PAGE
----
I visited Boekenhoutskloof this week and left with my admiration even increased. As for some others, I suspect, admiration had not exactly faltered over the past few years but had perhaps stagnated while so much exciting new stuff was dominating the Cape scene. But if supremo Marc Kent has anything to do with it – and he has everything to do with it – no slippage will be allowed. Quite the reverse.
What is Boekenhoutskloof, though? I have to remind myself occasionally that it is three things. Given the prestige of the name and the potential for confusion, some others might appreciate a summary (I hope I have it right). Firstly, Boekenhoutskloof the farm, its owners represented by the seven chairs on the label; the estate tucked into the far corner of the lovely Franschhoek valley, with mountains on three sides and organically farmed vineyards on the valley floor and climbing the lower slopes. The farming is taken very seriously, and the vines provide fruit for four of the six wines appearing under the Boekenhoutskloof label (that’s including The Journeyman, which it is hoped will be becoming a more regular commercial release from 2015 – a lot of the newest plantings are of cabernet franc to provide fruit for it). So the label/brand is thing two.
The other wines under that label come mostly from vineyards owned elsewhere by Boekenhoutskloof the business (thing three, which owns Boekenhoutskloof the brand). That business is completely separately owned and undoubtedly the most valuable of all the things that the name means. It is enormous and growing: it owns other brands too, including the wildly successful Chocolate Block, Porcupine Ridge and The Wolftrap, and the tiny-volume but prestigious Porseleinberg. And it owns the large, radically renovated Helderberg Wijnmakerij winery in Stellenbosch, where the bigger-volume wines are now all made, with the estate’s winery estate devoted to the wines that bear the Boekenhoutskloof name. I could write at length about what’s happening on the Helderberg – I hope I will, sometime.
The business also owns increasing numbers of vineyards, specialising in Swartland soil and Swartland syrah: I’d guess that Boekenhoutskloof is now the second-largest vineyard-owner in the Swartland. It has now something approaching 170 hectares, including a farm called Goldmine on the Riebeekberg near Riebeek-Kasteel, and Porseleinberg. From the 2015 vintage, the famous Boekenhoutskloof Syrah comes entirely from these two properties and is proudly Wine of Origin Swartland (as is Chocolate Block too, these days).
I sampled the Boekenhoutskloof 2015s the other day (Syrah, Semillon, Franschhoek Cabernet Sauvignon, Stellenbosch Cabernet Sauvignon, Journeyman, with the Noble Late Harvest being from 2013 and the only one of this line-up that’s been released. The reds were only recently bottled, and I’m not going to say anything about them now (except “ah!” and “”oh!”) – I look forward to relating a proper assessment in a few months, and the NLH I might say something about sooner.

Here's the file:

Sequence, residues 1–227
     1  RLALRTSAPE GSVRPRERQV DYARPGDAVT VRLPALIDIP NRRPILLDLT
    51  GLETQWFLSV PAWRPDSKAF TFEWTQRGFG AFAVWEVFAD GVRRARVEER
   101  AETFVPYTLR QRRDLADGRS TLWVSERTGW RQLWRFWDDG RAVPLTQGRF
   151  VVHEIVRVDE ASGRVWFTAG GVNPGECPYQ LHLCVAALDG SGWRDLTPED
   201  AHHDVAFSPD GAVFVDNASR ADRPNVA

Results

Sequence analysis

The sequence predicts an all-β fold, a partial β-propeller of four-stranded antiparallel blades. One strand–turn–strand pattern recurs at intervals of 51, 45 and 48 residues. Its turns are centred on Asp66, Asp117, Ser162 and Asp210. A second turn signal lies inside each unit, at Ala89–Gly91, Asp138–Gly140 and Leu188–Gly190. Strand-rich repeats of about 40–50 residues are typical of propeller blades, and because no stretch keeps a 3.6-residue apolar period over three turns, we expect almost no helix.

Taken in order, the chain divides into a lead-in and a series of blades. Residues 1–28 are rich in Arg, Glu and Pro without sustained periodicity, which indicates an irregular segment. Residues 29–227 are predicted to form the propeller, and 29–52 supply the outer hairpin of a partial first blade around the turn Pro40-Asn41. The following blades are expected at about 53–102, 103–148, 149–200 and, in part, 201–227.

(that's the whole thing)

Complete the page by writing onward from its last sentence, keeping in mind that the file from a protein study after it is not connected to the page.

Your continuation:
So much for the three Boekenhoutskloofs. What’s happening at the original one of them, the estate, is impressive and exciting – indicative of the remarkable energy and vision with which Marc Kent is directing all three aspects. (There is no one like Kent in the South African wine industry, one should come to realise despite his lack of overt showiness, in terms of what he has built and what he is building; I think perhaps of Charles Back, but Back’s achievement goes inextricably wider than wine, and he has never succeeded in achieving the wines of topmost quality that characterise the Boekenhoutskloof label and are a vital part of Kent’s vision and ambition. Boekenhoutskloof is far from being dominated by the wisdom of its accountants – however pleased they ultimately are, I suspect they might wince occasionally.)
On the less obtrusive side of what’s happening at Boekenhoutskloof and its cellar (leaving aside the vineyards), is the quiet, modest and smiling forcefulness and skill of Gottfried Mocke, who moved here from Chamonix in mid 2015 to take charge of, above all, the Boekenhoutskloof wines. When I originally reported on this move, I suggested that “a Kent-Mocke partnership could be extraordinary”, and there are plenty of signs (including the 2015 wines that he didn’t vinify, but brought up and bottled) that it’s proving to be just that.
If the arrival of Gottfried was a vital move in Marc Kent’s plan to take the Boekenhoutskloof label to new levels of achievement, it’s being accompanied by the expenditure of an enormous amount of money. An array of new curvilinear concrete fermenters has appeared since I last visited the cellar (more are to come), and there are already a number of oval oak foudres (2500 litres) along with all the different-sized barrels. A bottling line has been installed, and I saw in operation a remarkable new destemmer, which works as part of the berry-sorting process (Marc reminded me in this connection that Boekenhoutskloof introduced, for his famous 1997 Syrah, the country’s first mechanical triage table).
Most impressive of all, though, is a hole. A big hole at a little distance from the winery. This will be – by September, Marc says – a partly underground barrel cellar, accessed only by a 65-metre subterranean tunnel from the winery. It will contain 96 foudres, on two levels, and 1500 smaller barrels! It’s going to be a beautiful sight.